I get it. Matt Barber thinks gays are disordered and he opposes CA SB 1172.
Agree with the bill or not, one should not exploit a tragedy in order to mislead people about what the bill says.
Barber says the bill prevents counselors from helping kids who have been sexually abused. He writes at WND:
The critical importance of stopping SB 1172 and similar legislation springing up elsewhere becomes especially clear when one considers that such sexual confusion is frequently caused by sexual molestation at the hands of homosexual pedophiles like Jerry Sandusky (hence the moniker: “Jerry Sandusky laws”).
First of all the general link between homosexuality and child abuse he attempts to make is spurious. The Tomeo study he refers to (Archives of Sexual Behavior determined in a 2001 study…) is not accurate and the second author has acknowledged this. That study or any other one finding a correlation between abuse rates and orientation can tell us nothing about causation. If Liberty Counsel makes that argument in court, I hope the court gives them a lesson in research methods.
Second, the new law does not prevent counselors from helping kids who have experienced such tragedy. Here is what the law says:
(o) Nothing in this act is intended to prevent a minor who is 12 years of age or older from consenting to any mental health treatment or counseling services, consistent with Section 124260 of the Health and Safety Code, other than sexual orientation change efforts as defined in this act.
Treatment for sexual abuse recovery is not prohibited. One does not need to tell kids that they can change their sexual orientation by healing from sexual abuse in order to treat the effects of sexual abuse.
(b) (1) “Sexual orientation change efforts” means any practices by mental health providers that seek to change an individual’s sexual orientation. This includes efforts to change behaviors or gender expressions, or to eliminate or reduce sexual or romantic attractions or feelings toward individuals of the same sex.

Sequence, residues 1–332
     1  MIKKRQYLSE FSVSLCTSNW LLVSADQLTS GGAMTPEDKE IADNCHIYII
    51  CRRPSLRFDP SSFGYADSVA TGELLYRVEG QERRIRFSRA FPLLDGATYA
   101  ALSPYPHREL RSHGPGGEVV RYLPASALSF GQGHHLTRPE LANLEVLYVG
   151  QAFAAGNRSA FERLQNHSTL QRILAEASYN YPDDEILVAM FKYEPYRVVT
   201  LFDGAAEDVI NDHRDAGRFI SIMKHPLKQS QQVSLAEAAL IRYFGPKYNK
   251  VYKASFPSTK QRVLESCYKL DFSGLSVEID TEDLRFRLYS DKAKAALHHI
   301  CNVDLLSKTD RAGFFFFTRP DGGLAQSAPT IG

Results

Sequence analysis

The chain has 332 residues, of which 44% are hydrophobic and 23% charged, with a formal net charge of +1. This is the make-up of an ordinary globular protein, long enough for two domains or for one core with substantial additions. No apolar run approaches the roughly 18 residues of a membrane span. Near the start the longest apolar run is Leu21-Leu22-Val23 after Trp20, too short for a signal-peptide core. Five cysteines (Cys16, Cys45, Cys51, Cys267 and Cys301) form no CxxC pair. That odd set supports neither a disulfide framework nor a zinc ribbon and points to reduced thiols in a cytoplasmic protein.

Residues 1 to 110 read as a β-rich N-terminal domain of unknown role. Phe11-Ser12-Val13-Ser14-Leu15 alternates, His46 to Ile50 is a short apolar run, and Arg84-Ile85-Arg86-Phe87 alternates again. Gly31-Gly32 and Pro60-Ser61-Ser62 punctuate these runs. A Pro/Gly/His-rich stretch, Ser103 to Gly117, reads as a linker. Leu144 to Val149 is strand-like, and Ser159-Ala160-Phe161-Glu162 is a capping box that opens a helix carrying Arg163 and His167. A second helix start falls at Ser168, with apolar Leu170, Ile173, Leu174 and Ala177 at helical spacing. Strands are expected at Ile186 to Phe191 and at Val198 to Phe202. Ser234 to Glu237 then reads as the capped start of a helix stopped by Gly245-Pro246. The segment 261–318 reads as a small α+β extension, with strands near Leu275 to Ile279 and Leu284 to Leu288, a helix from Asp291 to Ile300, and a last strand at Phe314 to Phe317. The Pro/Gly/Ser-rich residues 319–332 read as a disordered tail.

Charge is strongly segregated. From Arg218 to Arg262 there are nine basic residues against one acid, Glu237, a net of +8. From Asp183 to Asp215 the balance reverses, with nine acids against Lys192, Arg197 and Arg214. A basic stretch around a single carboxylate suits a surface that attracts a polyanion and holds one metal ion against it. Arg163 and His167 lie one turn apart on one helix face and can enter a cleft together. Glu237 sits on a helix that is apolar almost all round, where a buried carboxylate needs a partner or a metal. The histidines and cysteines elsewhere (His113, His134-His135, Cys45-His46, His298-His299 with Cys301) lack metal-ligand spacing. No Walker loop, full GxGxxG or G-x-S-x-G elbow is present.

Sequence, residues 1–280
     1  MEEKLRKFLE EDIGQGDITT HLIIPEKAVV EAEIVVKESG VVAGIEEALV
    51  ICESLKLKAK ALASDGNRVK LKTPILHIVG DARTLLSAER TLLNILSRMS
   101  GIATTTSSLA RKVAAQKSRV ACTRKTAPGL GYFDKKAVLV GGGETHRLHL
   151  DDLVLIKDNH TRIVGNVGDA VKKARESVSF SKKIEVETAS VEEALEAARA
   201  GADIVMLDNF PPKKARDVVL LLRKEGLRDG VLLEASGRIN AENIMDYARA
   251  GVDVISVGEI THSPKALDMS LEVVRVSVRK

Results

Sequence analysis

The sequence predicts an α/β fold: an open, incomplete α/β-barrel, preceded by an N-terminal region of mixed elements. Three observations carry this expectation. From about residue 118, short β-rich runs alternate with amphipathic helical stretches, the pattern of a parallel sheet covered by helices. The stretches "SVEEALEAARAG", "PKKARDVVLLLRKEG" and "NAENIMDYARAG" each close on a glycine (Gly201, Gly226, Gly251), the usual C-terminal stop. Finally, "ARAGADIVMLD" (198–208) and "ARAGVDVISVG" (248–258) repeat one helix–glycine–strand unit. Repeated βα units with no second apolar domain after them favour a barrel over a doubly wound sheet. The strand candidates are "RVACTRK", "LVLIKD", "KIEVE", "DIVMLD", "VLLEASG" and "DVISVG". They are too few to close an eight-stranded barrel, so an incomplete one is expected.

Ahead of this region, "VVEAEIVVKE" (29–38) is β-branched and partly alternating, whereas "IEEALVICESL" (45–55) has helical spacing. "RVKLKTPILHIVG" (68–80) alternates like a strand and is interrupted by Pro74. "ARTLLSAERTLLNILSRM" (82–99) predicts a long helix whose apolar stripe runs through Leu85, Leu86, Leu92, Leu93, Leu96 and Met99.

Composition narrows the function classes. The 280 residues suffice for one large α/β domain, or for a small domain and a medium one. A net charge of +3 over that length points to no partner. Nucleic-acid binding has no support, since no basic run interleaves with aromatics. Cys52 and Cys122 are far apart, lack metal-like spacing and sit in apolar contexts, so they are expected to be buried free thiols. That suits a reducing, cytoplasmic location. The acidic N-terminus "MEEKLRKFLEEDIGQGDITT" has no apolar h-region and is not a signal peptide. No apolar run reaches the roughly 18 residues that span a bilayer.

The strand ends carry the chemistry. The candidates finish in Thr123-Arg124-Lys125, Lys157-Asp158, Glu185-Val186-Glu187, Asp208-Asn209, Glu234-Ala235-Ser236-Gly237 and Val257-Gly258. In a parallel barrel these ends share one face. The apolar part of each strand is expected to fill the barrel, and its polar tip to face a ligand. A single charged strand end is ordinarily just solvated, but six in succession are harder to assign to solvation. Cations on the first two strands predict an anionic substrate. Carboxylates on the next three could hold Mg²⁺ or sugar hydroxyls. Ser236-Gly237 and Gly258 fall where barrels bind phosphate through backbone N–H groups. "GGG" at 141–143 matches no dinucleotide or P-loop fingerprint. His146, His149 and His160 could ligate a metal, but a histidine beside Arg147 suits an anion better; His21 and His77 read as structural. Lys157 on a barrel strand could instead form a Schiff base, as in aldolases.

(2) “Sexual orientation change efforts” does not include psychotherapies that: (A) provide acceptance, support, and understanding of clients or the facilitation of clients’ coping, social support, and identity exploration and development, including sexual orientation-neutral interventions to prevent or address unlawful conduct or unsafe sexual practices; and (B) do not seek to change sexual orientation.
Barber also falsely says:
[The law] would have forced counselors to violate their oath to “do no harm,” compelling them to advise sexually confused children to adopt a “gay identity” they reject.
The law does not require a counselor to advise any clients, sexual confused or otherwise, to adopt a gay identity. The law simply says that counselors may help clients explore their their identity but does not prescribe an outcome. This law does not prevent clients from deciding they are gay or not gay. It simply prevents therapists from applying interventions that are explicitly designed to changed their sexual orientation.
It seems obvious that Barber’s objection here is based on the fact that he doesn’t understand the proper role of a counselor. Counselors don’t tell clients what identities they should adopt. Such paternalistic approaches would probably put a counselor at risk for a disciplinary action even without SB 1172.
I am not sure the law will pass constitutional muster and will depend in part on how the court rules on the professional-client speech issues. For this post, the merits of the law are not the point. Rather, an accurate description is at issue. Furthermore, exploiting one of the most heinous cases of our time is irresponsible.